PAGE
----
Objective: To examine postacute care rehabilitation services use after dysvascular amputation. Design: State-maintained hospital discharge data from the Maryland Health Services Cost Review Commission were analyzed. Setting: Maryland statewide hospital discharge database. Participants: Persons discharged from nonfederal acute care hospitals from 1986 to 1997 with a procedure code for lower-limb amputation (ICD-9-CM code 84.12-.19), excluding toe amputations. Those persons with amputations due to trauma, bone malignancy, or congenital anomalies were excluded. Interventions: Not applicable. Main Outcome Measure: Postacute care service utilization. Results: There were 16,759 discharges with an amputation procedure over this period. The average age was 69.3±14.3 years, and 51.9% were men. Black persons comprised 42.4% of the sample. Diabetes was present in 42.0%, and peripheral vascular disease was noted for 66.1% of amputees. Amputations were at the foot (19.4%), transtibial (38.1%), and transfemoral (42.4%) levels. The largest proportion (40.6%) of patients was discharged directly home after acute care, 37.4% went to a nursing home, 9.2% went home with home care, and 9.6% were discharged to an inpatient rehabilitation unit. From 1986 to 1997, there were downward trends in the rate of discharges directly home and corresponding upward trends in nursing home and inpatient rehabilitation dispositions. Conclusions: Inpatient rehabilitation use is infrequent after dysvascular amputation. Prospective studies are necessary to examine outcomes for persons receiving rehabilitation services in different care settings to define the optimal rehabilitation venue for functional restoration.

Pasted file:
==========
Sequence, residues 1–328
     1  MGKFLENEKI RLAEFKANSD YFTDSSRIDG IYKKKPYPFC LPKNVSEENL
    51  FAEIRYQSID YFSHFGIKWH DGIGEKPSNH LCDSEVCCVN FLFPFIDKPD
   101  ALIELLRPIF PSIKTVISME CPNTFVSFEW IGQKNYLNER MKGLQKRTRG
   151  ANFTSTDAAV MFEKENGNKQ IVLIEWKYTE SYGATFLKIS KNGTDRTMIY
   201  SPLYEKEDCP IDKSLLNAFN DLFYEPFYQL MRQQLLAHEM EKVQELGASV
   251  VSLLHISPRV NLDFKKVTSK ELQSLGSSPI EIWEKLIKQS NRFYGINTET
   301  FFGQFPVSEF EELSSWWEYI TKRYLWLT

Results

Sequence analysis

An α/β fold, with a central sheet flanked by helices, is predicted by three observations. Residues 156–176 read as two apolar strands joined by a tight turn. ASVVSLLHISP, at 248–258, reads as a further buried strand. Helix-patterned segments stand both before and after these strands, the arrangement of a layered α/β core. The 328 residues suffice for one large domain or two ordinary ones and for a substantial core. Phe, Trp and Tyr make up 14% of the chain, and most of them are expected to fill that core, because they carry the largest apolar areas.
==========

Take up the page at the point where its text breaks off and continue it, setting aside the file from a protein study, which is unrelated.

- Peripheral vascular diseases
- Prostheses and implants
ASJC Scopus subject areas
- Physical Therapy, Sports Therapy and Rehabilitation